If you create software solutions for healthcare, is your company a healthcare company or an engineering company? While there’s nothing that says you need to choose, often a company adopts an identity that permeates throughout its culture. Some folks in the world of banking have struggled for years to find a new identity in the digital age, until ING’s CEO Ralph Hamers famously declared that they were no longer going to be a bank, but a software company with a banking license. Many industries now find themselves in a similar identity crisis.
I recently had the privilege of attending IX Open in both Spain and Los Angeles this year. What really intrigued me was how technically inclined many from the adtech industry are, and how it influences their roles. While I always had pride in Index Exchange’s engineering-focused culture, I had an opportunity to witness how much of that we have in common with our partners.
I was involved in many discussions at our annual event — only to find myself amongst industry colleagues with similar challenges and interests. Whether it was discussing the role of agile mindsets in our organizations, the latency benefits of building services on our own bare metal clusters or the technical hurdles of complying with GDPR throughout our networks, the depth of knowledge helped me understand how this industry attracts those who thirst for data and the means to use it to solve some of our most pressing challenges. This trend was also thoroughly demonstrated by our speakers this year.
Here are a few ways IX Open paid homage to our engineering focus at IX:
Making Eng the Keynote: Rarely will you see JSON formatted text making an appearance at the keynote presentation of an industry event, but knowing his audience well, Andrew Casale used it as an effective way to demonstrate the key 2% of an OpenRTB request that can make a 400% difference in the revenue opportunity for a given impression. The industry has seen Identity and the Advertising ID Consortium as key entry points to levelling the playing field against the Walled Gardens of ad tech, and Andrew’s keynote helped to prioritize this for every customer in the audience.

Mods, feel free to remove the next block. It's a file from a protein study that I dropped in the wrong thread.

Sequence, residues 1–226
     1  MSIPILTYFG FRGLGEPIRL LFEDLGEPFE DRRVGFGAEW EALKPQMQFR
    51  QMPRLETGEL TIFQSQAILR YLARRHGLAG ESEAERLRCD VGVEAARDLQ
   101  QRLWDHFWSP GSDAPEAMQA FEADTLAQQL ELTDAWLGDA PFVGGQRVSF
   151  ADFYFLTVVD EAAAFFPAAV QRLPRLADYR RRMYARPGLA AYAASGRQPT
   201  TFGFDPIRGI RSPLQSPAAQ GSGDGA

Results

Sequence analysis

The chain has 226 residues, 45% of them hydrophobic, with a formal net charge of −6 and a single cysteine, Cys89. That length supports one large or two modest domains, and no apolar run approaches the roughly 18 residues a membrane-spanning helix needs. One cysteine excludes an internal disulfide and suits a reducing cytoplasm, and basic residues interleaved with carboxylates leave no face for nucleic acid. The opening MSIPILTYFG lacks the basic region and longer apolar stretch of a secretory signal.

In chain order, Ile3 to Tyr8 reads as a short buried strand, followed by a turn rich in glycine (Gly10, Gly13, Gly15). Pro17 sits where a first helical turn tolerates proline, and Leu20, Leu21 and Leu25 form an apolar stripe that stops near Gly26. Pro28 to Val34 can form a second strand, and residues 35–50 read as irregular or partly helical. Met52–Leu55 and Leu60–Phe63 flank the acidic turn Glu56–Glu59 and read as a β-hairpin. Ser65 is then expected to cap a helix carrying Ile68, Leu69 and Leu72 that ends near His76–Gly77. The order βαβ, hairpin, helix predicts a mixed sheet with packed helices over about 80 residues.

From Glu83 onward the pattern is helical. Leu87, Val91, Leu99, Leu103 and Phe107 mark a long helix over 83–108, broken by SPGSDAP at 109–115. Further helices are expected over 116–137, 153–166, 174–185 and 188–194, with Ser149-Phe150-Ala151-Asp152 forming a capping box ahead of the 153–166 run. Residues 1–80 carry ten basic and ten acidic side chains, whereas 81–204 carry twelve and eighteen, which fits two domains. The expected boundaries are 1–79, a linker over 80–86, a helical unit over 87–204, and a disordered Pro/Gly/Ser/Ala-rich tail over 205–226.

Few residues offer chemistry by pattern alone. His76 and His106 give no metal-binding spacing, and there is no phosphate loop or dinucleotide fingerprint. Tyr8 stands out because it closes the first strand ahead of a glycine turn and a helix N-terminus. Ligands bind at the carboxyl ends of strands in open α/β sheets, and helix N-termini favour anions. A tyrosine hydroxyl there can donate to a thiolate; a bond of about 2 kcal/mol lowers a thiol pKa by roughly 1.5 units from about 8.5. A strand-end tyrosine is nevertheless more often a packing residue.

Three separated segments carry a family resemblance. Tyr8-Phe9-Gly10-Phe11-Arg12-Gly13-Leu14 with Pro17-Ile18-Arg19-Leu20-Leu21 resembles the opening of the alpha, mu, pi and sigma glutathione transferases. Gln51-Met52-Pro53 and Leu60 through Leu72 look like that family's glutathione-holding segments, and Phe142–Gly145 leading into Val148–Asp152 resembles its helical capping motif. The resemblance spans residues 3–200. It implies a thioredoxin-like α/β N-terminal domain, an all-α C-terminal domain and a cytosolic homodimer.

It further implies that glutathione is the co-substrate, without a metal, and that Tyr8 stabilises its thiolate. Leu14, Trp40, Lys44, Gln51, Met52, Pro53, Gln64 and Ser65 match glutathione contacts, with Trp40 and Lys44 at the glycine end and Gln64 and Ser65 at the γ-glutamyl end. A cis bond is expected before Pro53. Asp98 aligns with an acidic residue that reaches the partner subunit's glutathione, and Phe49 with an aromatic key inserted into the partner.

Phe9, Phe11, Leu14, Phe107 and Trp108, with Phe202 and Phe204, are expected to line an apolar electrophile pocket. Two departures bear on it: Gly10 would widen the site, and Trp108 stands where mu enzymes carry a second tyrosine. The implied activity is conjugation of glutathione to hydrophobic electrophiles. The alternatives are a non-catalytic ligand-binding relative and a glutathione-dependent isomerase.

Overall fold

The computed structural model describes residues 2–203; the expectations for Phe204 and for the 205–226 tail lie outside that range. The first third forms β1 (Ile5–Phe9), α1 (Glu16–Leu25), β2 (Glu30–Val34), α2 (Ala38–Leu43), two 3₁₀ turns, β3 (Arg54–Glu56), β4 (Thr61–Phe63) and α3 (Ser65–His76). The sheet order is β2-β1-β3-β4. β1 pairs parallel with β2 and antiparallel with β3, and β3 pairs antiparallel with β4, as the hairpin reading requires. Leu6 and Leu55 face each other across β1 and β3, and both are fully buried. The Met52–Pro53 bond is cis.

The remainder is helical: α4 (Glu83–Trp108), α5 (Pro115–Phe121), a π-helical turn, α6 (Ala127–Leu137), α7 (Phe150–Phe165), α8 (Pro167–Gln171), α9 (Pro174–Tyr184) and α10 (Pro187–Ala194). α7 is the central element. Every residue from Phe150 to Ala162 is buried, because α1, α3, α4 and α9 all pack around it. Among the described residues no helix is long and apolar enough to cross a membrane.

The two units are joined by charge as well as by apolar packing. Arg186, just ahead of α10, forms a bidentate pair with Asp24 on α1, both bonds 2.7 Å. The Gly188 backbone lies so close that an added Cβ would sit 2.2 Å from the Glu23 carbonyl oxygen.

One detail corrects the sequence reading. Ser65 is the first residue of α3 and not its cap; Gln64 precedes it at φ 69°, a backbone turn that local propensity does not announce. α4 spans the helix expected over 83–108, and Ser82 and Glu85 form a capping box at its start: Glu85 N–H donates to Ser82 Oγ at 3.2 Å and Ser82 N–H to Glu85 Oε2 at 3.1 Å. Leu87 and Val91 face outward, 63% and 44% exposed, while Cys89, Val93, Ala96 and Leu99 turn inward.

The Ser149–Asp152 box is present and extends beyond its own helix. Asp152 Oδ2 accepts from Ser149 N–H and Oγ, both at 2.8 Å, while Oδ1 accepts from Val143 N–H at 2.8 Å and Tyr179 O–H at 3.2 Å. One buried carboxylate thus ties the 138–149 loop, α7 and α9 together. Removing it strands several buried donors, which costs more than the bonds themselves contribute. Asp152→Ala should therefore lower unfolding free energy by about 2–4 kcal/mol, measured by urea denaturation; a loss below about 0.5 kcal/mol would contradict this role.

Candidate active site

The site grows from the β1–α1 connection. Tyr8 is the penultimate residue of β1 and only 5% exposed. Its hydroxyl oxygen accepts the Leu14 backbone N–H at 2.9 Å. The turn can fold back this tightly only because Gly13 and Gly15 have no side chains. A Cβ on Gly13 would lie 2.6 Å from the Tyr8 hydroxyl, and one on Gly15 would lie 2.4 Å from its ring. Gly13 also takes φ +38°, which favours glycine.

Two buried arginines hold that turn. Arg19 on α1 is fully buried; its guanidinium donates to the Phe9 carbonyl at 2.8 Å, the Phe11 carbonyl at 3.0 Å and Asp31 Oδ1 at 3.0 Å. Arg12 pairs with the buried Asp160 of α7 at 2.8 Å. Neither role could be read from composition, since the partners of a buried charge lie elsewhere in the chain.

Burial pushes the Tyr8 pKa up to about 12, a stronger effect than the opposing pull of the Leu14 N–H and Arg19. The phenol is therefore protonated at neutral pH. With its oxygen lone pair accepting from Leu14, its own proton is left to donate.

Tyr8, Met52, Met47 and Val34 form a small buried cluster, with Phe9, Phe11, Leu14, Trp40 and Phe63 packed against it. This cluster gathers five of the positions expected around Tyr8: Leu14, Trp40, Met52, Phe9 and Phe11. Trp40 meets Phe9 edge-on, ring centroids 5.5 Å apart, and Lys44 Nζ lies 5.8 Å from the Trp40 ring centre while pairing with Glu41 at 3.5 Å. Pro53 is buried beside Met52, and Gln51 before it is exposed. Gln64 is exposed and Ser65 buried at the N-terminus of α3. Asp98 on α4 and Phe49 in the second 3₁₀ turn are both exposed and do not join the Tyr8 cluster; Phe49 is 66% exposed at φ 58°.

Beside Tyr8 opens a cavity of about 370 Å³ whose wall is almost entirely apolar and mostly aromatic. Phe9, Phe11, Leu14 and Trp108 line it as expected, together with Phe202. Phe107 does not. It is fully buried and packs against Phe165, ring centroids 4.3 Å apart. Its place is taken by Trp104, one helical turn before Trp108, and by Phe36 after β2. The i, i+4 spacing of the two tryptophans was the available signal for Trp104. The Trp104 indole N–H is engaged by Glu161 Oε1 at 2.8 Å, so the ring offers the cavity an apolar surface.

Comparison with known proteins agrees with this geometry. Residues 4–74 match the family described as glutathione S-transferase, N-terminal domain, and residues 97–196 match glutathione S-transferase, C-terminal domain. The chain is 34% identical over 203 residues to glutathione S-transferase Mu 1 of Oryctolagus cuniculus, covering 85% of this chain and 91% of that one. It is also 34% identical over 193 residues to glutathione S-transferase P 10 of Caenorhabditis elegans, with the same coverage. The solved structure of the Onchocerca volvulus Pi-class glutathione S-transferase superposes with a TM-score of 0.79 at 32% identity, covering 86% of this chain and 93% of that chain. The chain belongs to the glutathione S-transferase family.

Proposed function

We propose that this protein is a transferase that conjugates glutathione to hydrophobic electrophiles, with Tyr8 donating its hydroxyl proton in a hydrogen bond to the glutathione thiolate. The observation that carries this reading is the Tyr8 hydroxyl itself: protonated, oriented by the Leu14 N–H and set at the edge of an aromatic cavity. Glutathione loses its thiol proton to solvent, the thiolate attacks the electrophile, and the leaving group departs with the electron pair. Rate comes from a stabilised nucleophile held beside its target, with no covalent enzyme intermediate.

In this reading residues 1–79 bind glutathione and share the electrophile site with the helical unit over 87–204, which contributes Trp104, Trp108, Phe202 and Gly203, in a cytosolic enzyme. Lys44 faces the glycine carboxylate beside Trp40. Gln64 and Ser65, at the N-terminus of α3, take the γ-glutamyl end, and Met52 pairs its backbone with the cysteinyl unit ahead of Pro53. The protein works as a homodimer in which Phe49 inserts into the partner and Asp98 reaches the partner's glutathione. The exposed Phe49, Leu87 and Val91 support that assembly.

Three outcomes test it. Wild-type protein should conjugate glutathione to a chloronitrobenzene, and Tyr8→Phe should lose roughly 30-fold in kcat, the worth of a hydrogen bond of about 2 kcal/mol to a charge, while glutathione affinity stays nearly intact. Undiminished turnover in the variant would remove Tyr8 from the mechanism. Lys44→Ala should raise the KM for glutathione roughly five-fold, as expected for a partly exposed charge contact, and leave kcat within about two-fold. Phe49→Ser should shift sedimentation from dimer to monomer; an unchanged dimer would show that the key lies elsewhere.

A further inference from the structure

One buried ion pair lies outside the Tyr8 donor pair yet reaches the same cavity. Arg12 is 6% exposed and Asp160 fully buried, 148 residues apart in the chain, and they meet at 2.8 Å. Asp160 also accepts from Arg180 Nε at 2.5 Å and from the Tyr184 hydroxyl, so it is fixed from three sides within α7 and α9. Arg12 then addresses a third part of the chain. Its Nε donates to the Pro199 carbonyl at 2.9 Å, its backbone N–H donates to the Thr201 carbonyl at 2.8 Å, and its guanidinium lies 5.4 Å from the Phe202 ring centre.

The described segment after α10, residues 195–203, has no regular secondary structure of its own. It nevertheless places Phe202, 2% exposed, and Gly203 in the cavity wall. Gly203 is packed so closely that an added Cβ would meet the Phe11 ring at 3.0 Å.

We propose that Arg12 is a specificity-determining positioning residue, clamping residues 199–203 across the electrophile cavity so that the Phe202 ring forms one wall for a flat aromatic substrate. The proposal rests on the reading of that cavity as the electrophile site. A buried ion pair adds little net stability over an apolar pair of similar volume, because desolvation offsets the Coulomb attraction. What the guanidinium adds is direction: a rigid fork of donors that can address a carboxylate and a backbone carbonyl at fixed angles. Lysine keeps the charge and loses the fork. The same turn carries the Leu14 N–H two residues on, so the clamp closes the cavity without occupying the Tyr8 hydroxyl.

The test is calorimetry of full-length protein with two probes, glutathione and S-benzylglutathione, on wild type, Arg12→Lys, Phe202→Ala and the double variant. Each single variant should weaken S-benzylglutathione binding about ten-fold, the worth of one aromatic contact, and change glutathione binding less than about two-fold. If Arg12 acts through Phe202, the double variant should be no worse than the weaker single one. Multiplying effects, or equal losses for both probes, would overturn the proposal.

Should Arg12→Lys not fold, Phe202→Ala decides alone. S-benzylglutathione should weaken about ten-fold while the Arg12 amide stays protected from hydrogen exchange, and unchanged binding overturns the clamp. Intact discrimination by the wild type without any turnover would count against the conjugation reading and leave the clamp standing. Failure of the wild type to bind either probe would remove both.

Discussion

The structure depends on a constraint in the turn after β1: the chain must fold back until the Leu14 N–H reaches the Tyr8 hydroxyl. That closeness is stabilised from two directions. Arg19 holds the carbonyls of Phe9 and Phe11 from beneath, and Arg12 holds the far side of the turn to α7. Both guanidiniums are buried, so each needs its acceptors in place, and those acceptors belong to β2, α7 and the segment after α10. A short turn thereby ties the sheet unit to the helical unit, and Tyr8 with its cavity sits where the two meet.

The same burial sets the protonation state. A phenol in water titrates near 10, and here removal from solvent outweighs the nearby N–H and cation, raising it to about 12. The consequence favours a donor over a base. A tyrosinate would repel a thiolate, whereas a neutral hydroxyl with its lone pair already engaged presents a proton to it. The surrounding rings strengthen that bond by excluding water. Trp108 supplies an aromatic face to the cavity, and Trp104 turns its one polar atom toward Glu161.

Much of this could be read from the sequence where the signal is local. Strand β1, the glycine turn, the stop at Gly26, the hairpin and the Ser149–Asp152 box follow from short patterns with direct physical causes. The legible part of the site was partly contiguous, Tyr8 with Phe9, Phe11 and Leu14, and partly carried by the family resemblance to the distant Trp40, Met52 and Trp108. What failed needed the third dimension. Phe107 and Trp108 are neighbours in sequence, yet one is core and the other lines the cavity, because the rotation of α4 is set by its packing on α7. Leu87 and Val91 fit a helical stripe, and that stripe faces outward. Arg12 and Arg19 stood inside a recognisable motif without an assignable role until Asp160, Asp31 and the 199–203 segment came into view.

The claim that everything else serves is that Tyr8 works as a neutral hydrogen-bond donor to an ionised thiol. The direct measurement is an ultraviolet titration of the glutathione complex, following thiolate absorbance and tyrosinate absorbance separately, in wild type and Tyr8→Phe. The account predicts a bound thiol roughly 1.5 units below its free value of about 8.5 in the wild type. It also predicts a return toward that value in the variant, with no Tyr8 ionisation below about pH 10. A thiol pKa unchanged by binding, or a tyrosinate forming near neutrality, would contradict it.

Talking Data: Jocelyn Gillespie, Principal Analyst at IX, signed off her presentation with a quote from Dr. W Edwards Deming, stating that “Without data you’re just another person with an opinion.” She demonstrated her belief in this claim by taking a data-first approach in demonstrating the effect of first price-auction dynamics in private marketplaces. It was refreshing to see how instead of just being sold on an idea, raw data helped provide evidence of improved win rates and business outcomes with first price.
#EngLife: It would be hard to discuss the engineering aspect of the event without talking about Steve Ballmer’s presentation on leadership. His foundation at an engineering-centric organization such as Microsoft gave him great footing for a speech about leadership in an adtech world. He often made reference to engineering culture within an organization, and his analogies between the world of basketball and software development drew nods of understanding and laughter from the building. A contingent of our engineering organization had the privilege of meeting him after his keynote.
The challenges in adtech are not trivial, and it requires an organization that is diligent in investing in technology and people in order to tackle those challenges. While I’m glad to find myself in an organization with an engineering-first mindset, I’m even more thrilled to find myself in an industry that demands it of us.